The great jazz vibraphonist & popular bandleader Lionel Hampton came out of Chicago and was a kit drummer before switching to a newly created instrument, the vibraphone, of which Hamp became the instrument's first star, his first gig on it being with Louie Armstrong in 1930.
In the late '30s he played in the Benny Goodman Orchestra (one of the few racially integrated ensembles of the time) and Quartet (Hamp, BG, Teddy Wilson, Gene Krupa) before starting his own orchestra in 1940. That band became one of the most popular bands of the '40s and '50s, playing jazz, R&B and pop. It functioned as training ground for several great musicians, including Charles Mingus, Johnny Griffin, Wes Montgomery and more.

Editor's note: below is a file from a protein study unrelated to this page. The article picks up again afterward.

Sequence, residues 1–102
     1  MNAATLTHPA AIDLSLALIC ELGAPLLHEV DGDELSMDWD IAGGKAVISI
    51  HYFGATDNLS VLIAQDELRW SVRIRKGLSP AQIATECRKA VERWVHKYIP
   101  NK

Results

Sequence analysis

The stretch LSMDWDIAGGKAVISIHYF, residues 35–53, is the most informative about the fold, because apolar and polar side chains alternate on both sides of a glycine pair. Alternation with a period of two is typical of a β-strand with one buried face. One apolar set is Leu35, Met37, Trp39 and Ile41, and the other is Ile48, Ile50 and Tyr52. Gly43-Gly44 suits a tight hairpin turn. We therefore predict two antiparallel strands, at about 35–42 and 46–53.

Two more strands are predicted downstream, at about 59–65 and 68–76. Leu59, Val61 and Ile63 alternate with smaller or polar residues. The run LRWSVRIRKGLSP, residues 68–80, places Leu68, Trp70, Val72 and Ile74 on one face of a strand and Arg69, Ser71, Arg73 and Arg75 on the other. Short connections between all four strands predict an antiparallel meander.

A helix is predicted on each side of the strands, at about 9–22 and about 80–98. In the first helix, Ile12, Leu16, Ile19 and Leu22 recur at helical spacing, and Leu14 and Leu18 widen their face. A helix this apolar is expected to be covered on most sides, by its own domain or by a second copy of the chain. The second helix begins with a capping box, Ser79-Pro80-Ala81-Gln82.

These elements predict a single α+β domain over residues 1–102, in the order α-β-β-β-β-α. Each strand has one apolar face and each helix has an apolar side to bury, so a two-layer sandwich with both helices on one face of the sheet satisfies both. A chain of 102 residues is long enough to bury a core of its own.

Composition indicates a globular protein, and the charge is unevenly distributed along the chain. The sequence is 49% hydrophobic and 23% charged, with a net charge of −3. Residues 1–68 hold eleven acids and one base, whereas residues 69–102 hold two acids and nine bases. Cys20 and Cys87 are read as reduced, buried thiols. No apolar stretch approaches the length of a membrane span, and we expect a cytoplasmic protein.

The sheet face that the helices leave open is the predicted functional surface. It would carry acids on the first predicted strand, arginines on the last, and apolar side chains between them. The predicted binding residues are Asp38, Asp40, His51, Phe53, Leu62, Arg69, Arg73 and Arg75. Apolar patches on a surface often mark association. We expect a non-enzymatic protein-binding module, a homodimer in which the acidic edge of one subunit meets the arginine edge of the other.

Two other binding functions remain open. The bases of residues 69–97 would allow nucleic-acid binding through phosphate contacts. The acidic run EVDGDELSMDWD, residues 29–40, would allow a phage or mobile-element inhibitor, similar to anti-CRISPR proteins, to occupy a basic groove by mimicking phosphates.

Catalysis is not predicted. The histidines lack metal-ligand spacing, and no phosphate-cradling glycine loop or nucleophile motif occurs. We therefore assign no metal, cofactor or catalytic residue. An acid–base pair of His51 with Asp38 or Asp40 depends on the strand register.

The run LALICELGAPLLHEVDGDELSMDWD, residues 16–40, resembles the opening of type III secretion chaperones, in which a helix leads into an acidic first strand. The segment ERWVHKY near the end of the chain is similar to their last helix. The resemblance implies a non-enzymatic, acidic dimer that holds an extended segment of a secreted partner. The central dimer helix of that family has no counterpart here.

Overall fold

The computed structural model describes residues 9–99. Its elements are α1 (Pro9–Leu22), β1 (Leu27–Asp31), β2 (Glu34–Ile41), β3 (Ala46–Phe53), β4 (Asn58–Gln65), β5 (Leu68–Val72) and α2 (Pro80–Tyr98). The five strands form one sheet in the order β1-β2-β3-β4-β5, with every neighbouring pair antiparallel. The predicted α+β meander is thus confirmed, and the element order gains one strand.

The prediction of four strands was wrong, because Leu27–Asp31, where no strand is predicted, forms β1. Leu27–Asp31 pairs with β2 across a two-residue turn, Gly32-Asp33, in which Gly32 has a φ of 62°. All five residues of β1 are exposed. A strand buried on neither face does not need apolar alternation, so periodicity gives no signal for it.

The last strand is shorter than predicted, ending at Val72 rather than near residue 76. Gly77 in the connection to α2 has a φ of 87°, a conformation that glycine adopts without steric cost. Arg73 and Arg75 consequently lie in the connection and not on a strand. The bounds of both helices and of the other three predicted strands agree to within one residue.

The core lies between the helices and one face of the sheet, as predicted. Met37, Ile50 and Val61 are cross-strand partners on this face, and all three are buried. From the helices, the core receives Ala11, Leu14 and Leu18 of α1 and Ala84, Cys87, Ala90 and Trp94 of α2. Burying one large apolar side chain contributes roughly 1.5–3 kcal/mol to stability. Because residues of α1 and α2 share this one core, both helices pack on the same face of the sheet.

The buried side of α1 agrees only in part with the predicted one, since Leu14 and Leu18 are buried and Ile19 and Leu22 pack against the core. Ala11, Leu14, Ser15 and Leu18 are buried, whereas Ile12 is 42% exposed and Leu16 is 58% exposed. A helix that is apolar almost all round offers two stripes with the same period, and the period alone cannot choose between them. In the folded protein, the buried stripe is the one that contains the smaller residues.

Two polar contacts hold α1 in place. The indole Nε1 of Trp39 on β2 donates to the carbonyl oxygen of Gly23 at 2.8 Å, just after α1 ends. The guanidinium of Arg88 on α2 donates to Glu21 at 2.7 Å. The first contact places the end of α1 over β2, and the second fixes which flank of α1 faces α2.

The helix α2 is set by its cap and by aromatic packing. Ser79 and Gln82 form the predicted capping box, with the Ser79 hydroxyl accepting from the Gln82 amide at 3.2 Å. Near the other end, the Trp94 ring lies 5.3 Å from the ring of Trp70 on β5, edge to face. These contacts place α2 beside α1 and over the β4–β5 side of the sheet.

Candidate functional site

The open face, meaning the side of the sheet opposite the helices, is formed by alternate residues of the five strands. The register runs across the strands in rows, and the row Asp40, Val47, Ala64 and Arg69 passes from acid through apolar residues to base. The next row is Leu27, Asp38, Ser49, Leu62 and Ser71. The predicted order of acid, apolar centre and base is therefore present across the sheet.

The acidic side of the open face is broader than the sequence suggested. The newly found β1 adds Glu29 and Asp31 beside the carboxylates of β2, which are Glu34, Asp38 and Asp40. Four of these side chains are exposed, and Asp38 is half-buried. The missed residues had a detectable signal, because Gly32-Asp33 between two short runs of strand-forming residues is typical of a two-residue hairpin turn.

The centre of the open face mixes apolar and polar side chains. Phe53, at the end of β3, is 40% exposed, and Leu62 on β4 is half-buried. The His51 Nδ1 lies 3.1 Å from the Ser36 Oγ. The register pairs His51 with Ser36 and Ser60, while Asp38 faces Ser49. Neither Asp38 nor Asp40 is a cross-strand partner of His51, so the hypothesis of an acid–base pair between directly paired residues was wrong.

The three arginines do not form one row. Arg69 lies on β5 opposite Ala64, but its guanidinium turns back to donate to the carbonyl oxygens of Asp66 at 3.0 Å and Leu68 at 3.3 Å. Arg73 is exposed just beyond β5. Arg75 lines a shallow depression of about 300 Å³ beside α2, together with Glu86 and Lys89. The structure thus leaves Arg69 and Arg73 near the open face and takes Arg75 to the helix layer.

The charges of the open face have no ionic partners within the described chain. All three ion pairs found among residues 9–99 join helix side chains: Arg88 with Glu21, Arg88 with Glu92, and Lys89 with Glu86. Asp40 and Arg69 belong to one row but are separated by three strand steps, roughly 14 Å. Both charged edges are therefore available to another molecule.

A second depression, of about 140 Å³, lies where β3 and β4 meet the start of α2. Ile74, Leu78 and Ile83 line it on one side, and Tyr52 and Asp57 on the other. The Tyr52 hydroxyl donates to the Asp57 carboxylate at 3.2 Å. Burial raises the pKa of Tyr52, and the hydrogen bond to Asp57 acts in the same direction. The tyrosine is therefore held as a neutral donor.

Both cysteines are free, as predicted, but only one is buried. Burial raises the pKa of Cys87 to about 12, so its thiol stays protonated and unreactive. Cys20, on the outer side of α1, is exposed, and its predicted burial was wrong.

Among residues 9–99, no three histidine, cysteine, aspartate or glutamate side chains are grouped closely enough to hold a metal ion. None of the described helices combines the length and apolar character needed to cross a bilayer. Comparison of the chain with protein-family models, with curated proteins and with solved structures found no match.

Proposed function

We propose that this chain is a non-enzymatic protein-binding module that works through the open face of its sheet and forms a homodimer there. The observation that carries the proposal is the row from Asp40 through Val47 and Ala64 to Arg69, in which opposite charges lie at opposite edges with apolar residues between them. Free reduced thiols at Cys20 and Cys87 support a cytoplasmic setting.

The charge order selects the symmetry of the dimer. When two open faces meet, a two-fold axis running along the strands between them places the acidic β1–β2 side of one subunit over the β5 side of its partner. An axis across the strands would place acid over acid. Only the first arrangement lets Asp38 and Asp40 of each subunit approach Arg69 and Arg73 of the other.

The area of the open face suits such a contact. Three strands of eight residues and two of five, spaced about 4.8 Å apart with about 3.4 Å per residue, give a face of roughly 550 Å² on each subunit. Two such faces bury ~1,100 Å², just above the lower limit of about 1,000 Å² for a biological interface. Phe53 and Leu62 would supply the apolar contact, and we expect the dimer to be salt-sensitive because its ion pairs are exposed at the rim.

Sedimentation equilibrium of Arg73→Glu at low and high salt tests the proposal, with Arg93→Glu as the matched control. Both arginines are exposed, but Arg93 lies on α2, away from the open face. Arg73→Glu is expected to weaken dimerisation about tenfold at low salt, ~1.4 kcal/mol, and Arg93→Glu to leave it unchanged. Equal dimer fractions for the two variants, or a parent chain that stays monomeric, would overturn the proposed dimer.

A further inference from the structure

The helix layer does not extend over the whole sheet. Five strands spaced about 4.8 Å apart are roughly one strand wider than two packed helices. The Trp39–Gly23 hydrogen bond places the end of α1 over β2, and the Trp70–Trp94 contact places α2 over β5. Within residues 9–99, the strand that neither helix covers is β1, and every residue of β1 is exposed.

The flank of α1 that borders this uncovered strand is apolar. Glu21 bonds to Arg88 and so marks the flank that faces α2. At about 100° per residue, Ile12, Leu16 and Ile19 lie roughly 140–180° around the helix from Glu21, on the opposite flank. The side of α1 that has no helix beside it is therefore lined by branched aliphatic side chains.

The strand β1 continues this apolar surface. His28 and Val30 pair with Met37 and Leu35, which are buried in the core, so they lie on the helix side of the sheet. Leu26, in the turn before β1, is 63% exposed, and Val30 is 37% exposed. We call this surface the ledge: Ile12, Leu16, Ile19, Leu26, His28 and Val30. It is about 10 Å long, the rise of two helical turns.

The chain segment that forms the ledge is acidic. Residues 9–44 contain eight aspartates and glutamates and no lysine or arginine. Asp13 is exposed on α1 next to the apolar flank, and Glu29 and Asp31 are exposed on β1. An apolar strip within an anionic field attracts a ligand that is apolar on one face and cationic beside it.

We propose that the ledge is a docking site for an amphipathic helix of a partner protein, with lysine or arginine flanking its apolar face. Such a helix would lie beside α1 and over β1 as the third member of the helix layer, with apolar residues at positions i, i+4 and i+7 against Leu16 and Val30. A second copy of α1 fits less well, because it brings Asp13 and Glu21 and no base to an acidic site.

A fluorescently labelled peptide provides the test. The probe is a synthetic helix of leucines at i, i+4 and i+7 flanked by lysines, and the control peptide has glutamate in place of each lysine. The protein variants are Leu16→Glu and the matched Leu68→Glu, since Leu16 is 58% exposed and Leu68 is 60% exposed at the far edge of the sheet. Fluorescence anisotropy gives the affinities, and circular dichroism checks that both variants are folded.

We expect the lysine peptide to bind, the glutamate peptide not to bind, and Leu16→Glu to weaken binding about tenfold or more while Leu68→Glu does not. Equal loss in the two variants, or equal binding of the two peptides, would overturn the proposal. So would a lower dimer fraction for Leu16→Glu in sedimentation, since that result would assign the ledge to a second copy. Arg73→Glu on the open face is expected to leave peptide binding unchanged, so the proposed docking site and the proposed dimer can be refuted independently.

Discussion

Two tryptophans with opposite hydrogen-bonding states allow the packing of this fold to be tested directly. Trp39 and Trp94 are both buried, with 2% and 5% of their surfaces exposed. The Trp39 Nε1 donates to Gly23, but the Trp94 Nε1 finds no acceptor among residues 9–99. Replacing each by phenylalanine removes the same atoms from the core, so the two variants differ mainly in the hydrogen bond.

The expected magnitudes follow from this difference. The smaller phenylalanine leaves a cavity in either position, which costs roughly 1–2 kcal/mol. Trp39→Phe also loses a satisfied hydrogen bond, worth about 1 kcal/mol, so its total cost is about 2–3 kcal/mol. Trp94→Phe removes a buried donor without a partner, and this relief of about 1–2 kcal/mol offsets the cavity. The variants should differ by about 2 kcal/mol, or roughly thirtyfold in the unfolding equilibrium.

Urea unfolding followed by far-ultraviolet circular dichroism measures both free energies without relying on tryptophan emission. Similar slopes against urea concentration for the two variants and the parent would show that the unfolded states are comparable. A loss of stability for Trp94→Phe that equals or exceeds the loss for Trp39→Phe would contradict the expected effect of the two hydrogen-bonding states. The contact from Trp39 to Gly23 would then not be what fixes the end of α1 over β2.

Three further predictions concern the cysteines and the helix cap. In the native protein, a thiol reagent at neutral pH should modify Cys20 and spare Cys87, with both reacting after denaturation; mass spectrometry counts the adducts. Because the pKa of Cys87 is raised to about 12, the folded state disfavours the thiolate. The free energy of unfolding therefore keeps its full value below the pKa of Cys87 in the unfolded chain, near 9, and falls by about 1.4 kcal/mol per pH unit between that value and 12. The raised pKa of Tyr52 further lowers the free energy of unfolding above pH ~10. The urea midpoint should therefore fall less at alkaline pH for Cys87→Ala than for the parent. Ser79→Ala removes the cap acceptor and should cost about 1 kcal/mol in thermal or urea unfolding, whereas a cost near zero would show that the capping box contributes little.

Hamp toured the world, made some TV appearances and was hugely popular through the '50s. In the '70s he founded his own record label and continued playing into the '90s until a stroke disabled him. He was involved in political causes and was a thirty-third degree Freemason. He is buried in Woodlawn Cemetary, right next to Miles Davis and Duke Ellington.